Thumbs up for financial education in schools – but what should kids really know?

Financial education is becoming a real talking point and we are fully behind any campaign which encourages children to learn about money management.

 

 

 

 

Yet with an array of topics from stocks and shares to mortgages and repayments – what should kids learn to grapple with first? Our latest consumer poll found that over a third (37 per cent) said that kids should learn to start saving but what do you think? Unbiased.co.uk media IFA Scott Gallacher gives us his thoughts: 

Given the current ‘have it now’ consumerist culture, high personal debt, and frightening lack of savings and pension provision, something is certainly wrong with the financial education of our children.

Whilst you might be surprised to learn that this is part of the National Curriculum, as with most things in life, financial education is not just down to school: parents also need to take some responsibility in this area.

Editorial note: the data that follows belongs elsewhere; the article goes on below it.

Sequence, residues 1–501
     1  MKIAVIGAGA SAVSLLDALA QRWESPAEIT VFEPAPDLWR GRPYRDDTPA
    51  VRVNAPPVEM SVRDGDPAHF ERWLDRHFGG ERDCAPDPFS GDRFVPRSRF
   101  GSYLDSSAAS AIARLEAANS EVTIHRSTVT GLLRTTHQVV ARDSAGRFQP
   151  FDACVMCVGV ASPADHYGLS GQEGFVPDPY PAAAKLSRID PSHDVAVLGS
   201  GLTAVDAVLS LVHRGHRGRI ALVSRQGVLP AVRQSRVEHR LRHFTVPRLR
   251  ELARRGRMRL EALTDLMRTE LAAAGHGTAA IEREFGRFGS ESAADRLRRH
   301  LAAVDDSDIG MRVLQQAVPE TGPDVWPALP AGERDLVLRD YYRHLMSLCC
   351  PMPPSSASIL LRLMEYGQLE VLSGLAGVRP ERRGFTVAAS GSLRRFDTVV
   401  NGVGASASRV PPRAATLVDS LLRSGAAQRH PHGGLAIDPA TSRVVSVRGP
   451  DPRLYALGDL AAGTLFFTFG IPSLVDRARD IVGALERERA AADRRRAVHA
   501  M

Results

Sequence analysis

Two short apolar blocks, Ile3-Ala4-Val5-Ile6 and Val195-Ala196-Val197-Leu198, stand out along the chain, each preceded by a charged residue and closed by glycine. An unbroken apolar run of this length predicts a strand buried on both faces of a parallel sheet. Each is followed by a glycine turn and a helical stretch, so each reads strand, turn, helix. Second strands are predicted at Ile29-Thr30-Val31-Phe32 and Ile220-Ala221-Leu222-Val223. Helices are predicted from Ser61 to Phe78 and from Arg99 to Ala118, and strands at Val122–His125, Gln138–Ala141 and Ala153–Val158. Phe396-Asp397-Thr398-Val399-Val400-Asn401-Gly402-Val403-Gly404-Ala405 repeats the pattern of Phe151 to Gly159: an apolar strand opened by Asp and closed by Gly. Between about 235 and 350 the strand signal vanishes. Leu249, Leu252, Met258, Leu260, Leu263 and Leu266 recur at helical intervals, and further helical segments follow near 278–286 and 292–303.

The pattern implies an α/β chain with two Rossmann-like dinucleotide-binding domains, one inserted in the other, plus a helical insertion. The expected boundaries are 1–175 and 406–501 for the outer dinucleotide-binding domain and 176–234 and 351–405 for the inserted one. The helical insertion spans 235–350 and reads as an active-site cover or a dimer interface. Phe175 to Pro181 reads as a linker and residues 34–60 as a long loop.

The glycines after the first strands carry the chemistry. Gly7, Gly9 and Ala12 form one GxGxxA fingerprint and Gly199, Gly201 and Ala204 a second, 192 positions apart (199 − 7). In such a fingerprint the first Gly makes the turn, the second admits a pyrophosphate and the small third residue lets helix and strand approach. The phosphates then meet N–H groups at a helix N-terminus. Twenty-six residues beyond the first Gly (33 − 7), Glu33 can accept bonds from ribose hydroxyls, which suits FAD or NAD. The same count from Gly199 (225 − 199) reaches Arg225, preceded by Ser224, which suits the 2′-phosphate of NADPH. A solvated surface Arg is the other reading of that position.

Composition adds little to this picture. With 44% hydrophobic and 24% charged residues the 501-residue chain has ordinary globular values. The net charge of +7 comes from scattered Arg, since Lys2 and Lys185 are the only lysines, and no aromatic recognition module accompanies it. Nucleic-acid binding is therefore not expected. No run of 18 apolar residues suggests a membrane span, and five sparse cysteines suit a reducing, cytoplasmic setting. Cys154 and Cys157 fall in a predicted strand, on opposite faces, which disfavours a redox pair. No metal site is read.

Teaching your children about money can be both educational and fun.

Children love learning about money as it makes them feel like mum or dad. They enjoy playing shop, being able to buy things themselves and counting their pennies.

My own children, aged just seven and eight years old, are already being taught about the value of money, the need to save and invest, and to avoid being wasteful with money. My eldest was extremely proud when he was allowed to go into a shop on his own, buy something and come out with the correct change.

Teaching your children about money can be both educational and fun.

Whilst most would agree that children be taught the concept of saving and the dangers of debt, I would go further and say that they should understand the need for financial protection should the worst happen and, with increased longevity, also about threat of inflation.

We’ve written our own brief tale at Rowley Turton, highlighting the problems of relying on cash savings when facing decades of inflation. This tale has had such a powerful effect on our clients that one parent actually sat her two children down with the article, refusing to let them leave until they had read and, more importantly, understand the message.